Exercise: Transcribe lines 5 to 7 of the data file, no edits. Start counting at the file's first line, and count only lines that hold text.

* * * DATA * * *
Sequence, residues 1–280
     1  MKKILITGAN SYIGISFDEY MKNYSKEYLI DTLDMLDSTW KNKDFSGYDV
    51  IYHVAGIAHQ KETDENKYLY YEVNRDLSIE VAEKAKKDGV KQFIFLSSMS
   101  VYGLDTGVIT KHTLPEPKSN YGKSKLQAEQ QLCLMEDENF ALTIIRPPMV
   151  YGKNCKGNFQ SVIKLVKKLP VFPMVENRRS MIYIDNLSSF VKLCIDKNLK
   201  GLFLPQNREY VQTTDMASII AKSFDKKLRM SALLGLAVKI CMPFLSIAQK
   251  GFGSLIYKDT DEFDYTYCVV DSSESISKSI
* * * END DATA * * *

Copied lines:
   151  YGKNCKGNFQ SVIKLVKKLP VFPMVENRRS MIYIDNLSSF VKLCIDKNLK
   201  GLFLPQNREY VQTTDMASII AKSFDKKLRM SALLGLAVKI CMPFLSIAQK
   251  GFGSLIYKDT DEFDYTYCVV DSSESISKSI